It requires something of a revision in how sound is done. Most games engines treat sound as an event based faculty instead of building sound right into the core as a realtime multi-parameter process along with physics and lighting where it belongs. Procedural audio makes more use of continuous control data and requires more thought about the behavioural properties of game objects. Once this change is embraced the rewards are astonishing. Default sonic behaviours make asset management much easier. Unlimited variations and combinations of object interactions are possible (for an overview of procedural audio technology see here ).

As the technology grows in strength we are seeing more uses in games. EA used Pure Data in the Spore title to generate sound algorithmically. New applications for the iPhone and other mobile devices are built on the principles of real-time sound generation. While synthesis has acquired some bad cultural connotations through music the outlook for synthetic sound based on physical/behavioural principles in games is very bright. Hopefully these tutorials will engage your enthusiasm for making sounds from first principles and open up the possibilities of procedural sound to a wider group.

What's in these tutorials?

This "Practical guide to synthetic sound design" is quite unique. Most students of synthesis come from a good maths background. Courses in music technology and electroacoustic composition tend to focus on the theory first and leave the applications to the creativity of the designer during their practical career. Most of this gets forgotten in the same way that mathematics, so badly taught in our schools, is forgotten the moment students leave education, because of a lack of meaningful context. It is the ambitious aim of this programme to teach principles of synthesis in a refreshing way with as little recourse to maths or computer science as possible. This is made possible by the remarkable software written by Miller Puckette and others called PureData, a 21st century visual programming language for DSP. The author of this guide Andy Farnell is a computer scientist with a thorough background in sciences and digital media. As far as possible written descriptions are given and equations and graphs are not used unless absolutely necessary. The practical approach relies on asking important questions about the underlying physical nature of sound and psychological questions about the use and context of sound in multimedia.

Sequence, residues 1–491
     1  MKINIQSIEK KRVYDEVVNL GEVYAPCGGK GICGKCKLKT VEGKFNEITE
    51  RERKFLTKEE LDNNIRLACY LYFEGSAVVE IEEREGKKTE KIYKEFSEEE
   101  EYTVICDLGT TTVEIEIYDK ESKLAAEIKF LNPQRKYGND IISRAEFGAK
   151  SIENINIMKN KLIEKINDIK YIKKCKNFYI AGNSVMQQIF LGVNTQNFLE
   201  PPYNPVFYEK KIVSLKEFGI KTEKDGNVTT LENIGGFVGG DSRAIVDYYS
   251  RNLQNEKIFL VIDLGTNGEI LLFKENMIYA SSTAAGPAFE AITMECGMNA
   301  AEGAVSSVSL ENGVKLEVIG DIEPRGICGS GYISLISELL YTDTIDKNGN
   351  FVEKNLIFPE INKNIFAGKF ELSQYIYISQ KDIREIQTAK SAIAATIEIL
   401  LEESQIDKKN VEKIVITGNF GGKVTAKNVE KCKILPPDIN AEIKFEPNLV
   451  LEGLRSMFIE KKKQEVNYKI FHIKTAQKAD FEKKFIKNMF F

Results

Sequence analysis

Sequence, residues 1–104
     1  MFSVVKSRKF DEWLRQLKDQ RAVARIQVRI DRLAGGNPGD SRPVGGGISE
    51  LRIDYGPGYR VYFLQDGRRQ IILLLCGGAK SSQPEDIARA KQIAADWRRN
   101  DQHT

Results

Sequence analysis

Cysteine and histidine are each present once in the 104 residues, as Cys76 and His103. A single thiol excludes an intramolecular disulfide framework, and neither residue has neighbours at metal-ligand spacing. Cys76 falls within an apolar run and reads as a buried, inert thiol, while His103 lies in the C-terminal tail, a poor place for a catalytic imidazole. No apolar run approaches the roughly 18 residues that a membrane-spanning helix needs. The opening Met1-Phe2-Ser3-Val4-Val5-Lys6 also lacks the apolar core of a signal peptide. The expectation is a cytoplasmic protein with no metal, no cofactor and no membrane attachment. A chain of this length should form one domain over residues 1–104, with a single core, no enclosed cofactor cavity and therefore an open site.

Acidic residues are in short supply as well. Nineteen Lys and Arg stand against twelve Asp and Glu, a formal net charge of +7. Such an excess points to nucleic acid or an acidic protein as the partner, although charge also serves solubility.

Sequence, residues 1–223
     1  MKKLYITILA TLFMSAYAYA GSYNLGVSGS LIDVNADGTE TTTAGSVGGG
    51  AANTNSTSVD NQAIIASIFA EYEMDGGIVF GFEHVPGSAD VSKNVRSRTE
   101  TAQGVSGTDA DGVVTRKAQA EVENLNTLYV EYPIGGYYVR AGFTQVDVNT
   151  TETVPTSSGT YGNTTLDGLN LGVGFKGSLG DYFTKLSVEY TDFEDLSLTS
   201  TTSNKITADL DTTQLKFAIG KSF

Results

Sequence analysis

During the exercises we will touch on physics, perceptual psychology, music and many other disciplines, but you don't have to be an expert in any of these things to start understanding and creating sound through synthesis. Hopefully you will learn a little bit about these subjects along the journey. Some enthusiasm for the material, patience to experiment and a little creative insight are all you need to go a long way. A basic understanding of sound and some familiarity with the software application are assumed. Ideally this course should be studied as a complement to reading a few essential textbooks given in the reference section, or as a practical counterpart to Miller Puckette's deeper theoretical treatment of Pure Data synthesis in the book "The Theory and Techniques of Electronic Music".

Sound is becoming more important in all kinds of multi-media and interactive applications. It is 20 years since the basic foundations of digital audio were laid down and in much of that time things have not changed other than to provide more of the same. Miller Puckette said "We need to undo the MIDI revolution". In games development I think we need to undo the sampling revolution too.

Summary of points for game developers

Internal Links


tutorials list

Some useful external links

Real sound synthesis for interactive applications - Perry Cook

Procedural audio research and development node -Nicolas Fournel (maintainer)

The sounding object - research initiative

The theory and techniques of electronic music (Pure Data) - Miller Puckette

Designing Sound - Andy Farnell (My text on advanced game and interactive audio)

Computer Sound Design - Eduardo Miranda

Designing Sound Textbook